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Did you know?

Yes, Jackie Robinson's achievement of breaking the color barrier in baseball is one of the greatest accomplishments in modern American history. But do not let his trail-blazing stature minimize how great Robinson was as an athlete.

— He played for the Brooklyn Dodgers, was voted Rookie of the Year and elected to baseball's Hall of Fame.

— He played tailback at UCLA for the Bruins' 1939 undefeated team that finished 6-0-4.

— He won the 1940 NCAA championship in the long jump.

— He was the first UCLA athlete to letter in four sports, making All-Pac 10 in football, setting the conference record in the long jump and being named the West Coast Conference MVP in basketball.

Friday was the 75th anniversary of Jackie Robinson breaking baseball's color barrier.

Observing this landmark day in sports is selling Robinson's historic feat short.

Becoming the first Black man in the national pastime is one of the biggest days in U.S. history, too.

As is customary, every Major League Baseball team member in uniform wears Robinson's 42 on April 15. Other than on April 15, no one will ever wear that number again as it's been retired across the sport.

"The ability for all the players to wear 42 is a tremendous tribute to him," the Howard School baseball coach Jon Johnson said in a phone interview Friday. "Unfortunately at the same time, I think Major League Baseball can do more to grow the game and address the lack of resources for inner-city baseball leagues."

Johnson, who helped revive the Hustlin' Tigers program in recent years, would know. He helped start the Southside Youth Development non-profit for inner-city youth to play baseball and is always looking for ways to grow the game in Chattanooga.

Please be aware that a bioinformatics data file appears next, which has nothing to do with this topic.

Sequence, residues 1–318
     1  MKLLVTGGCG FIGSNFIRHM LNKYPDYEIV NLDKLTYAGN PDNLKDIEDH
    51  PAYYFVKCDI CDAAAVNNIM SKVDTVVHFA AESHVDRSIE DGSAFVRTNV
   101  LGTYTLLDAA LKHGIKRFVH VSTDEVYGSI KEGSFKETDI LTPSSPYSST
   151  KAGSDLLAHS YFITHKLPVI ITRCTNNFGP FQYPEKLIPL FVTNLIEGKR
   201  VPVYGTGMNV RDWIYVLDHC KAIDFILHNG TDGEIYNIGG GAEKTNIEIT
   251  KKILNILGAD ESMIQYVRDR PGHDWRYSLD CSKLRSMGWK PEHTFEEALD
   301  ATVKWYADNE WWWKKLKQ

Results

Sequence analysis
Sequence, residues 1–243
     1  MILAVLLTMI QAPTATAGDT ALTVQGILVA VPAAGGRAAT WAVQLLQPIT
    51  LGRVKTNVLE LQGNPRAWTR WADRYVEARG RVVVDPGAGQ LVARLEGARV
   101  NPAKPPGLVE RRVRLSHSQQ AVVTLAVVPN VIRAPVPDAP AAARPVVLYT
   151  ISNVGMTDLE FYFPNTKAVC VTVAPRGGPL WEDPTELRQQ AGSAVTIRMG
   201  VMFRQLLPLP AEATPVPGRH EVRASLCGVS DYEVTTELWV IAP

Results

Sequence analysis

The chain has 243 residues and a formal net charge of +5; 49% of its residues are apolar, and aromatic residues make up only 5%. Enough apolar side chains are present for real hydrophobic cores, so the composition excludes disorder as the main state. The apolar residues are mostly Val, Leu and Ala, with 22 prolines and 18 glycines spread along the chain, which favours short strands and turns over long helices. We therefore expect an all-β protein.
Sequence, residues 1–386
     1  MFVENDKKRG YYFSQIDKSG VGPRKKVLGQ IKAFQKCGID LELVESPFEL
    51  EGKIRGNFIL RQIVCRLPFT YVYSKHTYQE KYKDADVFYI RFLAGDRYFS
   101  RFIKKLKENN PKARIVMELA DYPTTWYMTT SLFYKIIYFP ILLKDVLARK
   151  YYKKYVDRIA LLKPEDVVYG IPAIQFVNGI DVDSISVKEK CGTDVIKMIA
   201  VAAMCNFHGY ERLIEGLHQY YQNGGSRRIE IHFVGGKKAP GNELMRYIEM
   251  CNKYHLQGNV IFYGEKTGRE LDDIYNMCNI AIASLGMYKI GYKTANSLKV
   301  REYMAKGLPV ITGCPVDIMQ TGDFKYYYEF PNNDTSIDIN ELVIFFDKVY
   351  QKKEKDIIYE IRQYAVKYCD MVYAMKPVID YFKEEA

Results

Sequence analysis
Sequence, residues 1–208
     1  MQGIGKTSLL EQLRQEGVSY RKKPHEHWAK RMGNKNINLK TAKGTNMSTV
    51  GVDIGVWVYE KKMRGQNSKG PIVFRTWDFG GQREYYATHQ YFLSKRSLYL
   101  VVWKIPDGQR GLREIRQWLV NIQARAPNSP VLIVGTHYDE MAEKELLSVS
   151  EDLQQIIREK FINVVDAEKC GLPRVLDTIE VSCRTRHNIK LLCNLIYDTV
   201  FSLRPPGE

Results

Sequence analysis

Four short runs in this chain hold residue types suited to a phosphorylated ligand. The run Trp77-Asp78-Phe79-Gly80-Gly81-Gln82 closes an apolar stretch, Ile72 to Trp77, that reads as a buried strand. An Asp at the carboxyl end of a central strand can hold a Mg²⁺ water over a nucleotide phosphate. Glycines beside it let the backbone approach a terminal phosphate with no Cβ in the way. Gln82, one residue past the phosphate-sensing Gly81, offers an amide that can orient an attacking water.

Personally, I think all of sports should pay tribute to Robinson on this day. If your league's playing, put on a patch or recognize the 42. If your league's not playing, address it across social media at, say, 4:15 in the afternoon every 4/15 every year.

"It's been said before, 'If you can see it, you can achieve it," Johnson said, "and our kids need to see African Americans playing baseball and not just in the big leagues."

Johnson is right, the seeing leads to the believing, and it all started with Jackie Robinson doing what many believed at the time was unbelievable.

 

Election info

Early voting started this week. I have voted; have you?

If you still have not cast your ballot in local primary races, the late bird may catch the information worm.

The Times Free Press will include a 56-page Voter Guide in Sunday's paper that includes sample ballots, election resources and profiles of more than 70 candidates who are looking for your vote in the days and weeks ahead.

And all of that extra information could not come at a more critical time.

This will be the first truly contested primary race for a new Hamilton County mayor in decades. There will be new representatives on the county commission and school board, thanks to redistricting and the addition of two seats on each panel.

Add in the election of a new sheriff and a heated primary push-and-shove for district attorney, and change may be the only certainty this election cycle.

Either way, though, all of the details to help your decision-making will be in Sunday's TFP Voter Guide.

 

Obit observation

Willard Wright Johnston had his funeral service Friday. He died in January. He was 73.

It's hard to imagine someone with a wider range of interests than Mr. Johnston, who is survived by his college sweetheart and wife of 51 years, Dianna Louise, as well as his son, Patrick Wright Johnston, his grandchildren and the rest of his family.

His reach as an educator — which included stints as principal from 1977-1993 in Walker County, Ga. — is hard to guesstimate.

And when he wasn't spending time with family or educating area young people, well, Mr. Johnston could be found flying airplanes, driving race cars on NASCAR tracks around the South or singing in his rock band.

Rest easy, Mr. Johnston. You lived at a remarkable pace.

Contact Jay Greeson at jgreeson@timesfreepress.com or 423-757-6273. Follow him on Twitter @jgreesontfp.

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Jay Greeson
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